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Overview

Ms Veronica Heney

Postdoctoral Research Associate


Affiliations
Affiliation
Postdoctoral Research Associate in the Department of Sociology
Research Associate in the Institute for Medical Humanities

Biography

I am an interdisciplinary medical humanities researcher, bringing together social science and literary studies methods to explore narratives and experiences of madness and mental distress. I am currently a postdoctoral research fellow at the Institute for Medical Humanities where I am studying anxiety. In particular, I am interested in how anxiety is depicted in fiction, how these depictions are understood and assessed by people with experience of anxiety, and how anxiety might impact practices of reading and viewing fiction. This work emerges out of my PhD, which explored cultural representations of self-harm in literature, film, and television.
Throughout my work I use an interdisciplinary method to re-centre lived experience of madness and mental distress within questions of literary analysis and interpretation. Through this I explore broader questions of the relationship between the social and the cultural, the role of fictional texts in constructions of subjectivity, and the tension between personal sense-making and broader structural formations of meaning. Blending sociological discourse analysis and literary close reading I connect literary questions of genre, form, voice and narrative structure to sociological questions of identity, experience and chronicity. A short introduction to my research and the topic of narratives of self-harm, originally presented at a Time to Change event held on World Mental Health Day, can be viewed here: https://youtu.be/t3b06XaEmKA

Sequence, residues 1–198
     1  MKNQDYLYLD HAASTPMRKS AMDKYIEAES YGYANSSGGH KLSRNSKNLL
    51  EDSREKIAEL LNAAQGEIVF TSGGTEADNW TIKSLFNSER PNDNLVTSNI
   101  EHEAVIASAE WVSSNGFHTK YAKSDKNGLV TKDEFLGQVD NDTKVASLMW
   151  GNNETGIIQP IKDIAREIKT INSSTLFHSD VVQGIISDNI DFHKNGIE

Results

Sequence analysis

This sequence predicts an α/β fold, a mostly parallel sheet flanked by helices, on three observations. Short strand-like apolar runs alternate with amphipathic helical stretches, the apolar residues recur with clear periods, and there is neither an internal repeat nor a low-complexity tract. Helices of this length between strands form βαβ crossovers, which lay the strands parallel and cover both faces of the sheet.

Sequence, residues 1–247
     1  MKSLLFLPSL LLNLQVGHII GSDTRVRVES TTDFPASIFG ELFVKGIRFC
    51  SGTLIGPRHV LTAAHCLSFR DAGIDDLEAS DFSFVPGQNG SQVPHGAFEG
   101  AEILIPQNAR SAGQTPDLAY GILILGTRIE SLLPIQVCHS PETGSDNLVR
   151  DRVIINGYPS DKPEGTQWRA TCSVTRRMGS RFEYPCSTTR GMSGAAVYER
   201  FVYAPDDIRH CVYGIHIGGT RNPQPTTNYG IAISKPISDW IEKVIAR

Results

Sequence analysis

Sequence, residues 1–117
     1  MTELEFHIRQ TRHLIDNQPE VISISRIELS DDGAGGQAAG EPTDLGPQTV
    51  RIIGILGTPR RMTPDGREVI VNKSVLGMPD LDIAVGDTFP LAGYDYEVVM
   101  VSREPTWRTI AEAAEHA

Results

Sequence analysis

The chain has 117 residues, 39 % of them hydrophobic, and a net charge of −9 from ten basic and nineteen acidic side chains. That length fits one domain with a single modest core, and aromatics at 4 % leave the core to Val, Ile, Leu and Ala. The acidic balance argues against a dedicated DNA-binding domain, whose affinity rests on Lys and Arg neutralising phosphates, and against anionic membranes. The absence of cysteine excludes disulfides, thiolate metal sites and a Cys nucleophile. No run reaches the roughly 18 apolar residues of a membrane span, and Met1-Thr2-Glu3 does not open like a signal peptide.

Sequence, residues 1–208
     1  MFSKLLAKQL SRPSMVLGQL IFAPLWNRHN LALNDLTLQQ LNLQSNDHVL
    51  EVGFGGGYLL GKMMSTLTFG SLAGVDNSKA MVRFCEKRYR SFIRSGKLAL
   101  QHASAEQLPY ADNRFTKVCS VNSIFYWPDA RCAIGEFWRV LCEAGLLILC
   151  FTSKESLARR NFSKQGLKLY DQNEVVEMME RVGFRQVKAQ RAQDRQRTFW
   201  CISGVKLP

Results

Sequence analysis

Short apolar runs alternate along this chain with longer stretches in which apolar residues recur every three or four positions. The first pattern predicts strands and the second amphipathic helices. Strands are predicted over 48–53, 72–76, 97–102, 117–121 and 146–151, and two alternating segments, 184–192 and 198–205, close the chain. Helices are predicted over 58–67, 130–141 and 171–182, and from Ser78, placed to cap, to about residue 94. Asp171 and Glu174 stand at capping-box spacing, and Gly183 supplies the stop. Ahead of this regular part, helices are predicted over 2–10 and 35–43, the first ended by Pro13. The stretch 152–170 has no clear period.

I am committed to critical and innovative interventions in the Medical Humanities in order to ensure that research on mental health is conducted in ways that are accessible, collaborative, and experience-led. In my research I work closely with an advisory group of people with lived experience, who collaboratively discuss and make decisions about methods, research questions, and research practices. I have also been involved with other community-based work, for instance organising events with Time to Change and their Young Champions. I am a member of the Cost of Living blog editorial collective, and have also written for a number of other non-academic publications. In collaboration with Self-Injury Support I edited a zine featuring creative work by people with experience of self-harm, which can be found here: https://www.makespaceco.org/learn 
Blogs and Book Reviews
Heney, V and Sommer, C - Help-Seeking: where's the help?, Cost of Living Blog (September 2021) Help-seeking: where’s the help? (cost-ofliving.net)
Heney, V – Shame and Self-Harm: Association and Avoidance, Shame and Medicine Blog (January 2021) https://shameandmedicine.org/shame-and-self-harm-association-and-avoidance/
Make Space Collective – Making Space for Self-Harm, The Polyphony (November 2020) https://thepolyphony.org/2020/11/25/making-space-for-self-harm/Heney, V. – Self-Harm: Response and Reaction, Cost of Living Blog (November 2020) https://www.cost-ofliving.net/self-harm-response-and-reaction/
Heney, V. – Refusing Resolution: Narratives of Self-harm, The Polyphony (November 2019) https://thepolyphony.org/2019/11/12/refusing-resolution-narratives-of-self-harm/
Heney, V. – Book Review: Why Do We Hurt Ourselves?: Understanding Self-harm in Social Life and Self-injury, Medicine and Society: Authentic Bodies, The Sociological Review (April 2019) https://www.thesociologicalreview.com/book-review-self-injury/
Heney, V. – The Interpretive Difficulties of Self-Harm in “Sharp Objects” Cost of Living Blog (October 2018) https://www.cost-ofliving.net/the-interpretive-difficulties-of-self-harm-in-sharp-objects/
Make Space
In April 2020 I co-founded Make Space, a user-led collective which facilitates conversations about more generous, nuanced, and caring ways to support those with experience of self-harm. We have run a range of online events for a variety of stakeholders, including the 2020 Exeter Phoenix Bloom Festival and the Newcastle Psychology Society, and worked in partnership with the National Survivor Users Network and Action to Prevent Suicide. We also facilitate peer spaces and have run a series of peer-led creative workshops around LGBTQ+ self-harm. You can find out more about our work on our website: https://www.makespaceco.org/.
You can watch a panel discussion we facilitated around LGBTQ+ self-harm here: 

Supervision students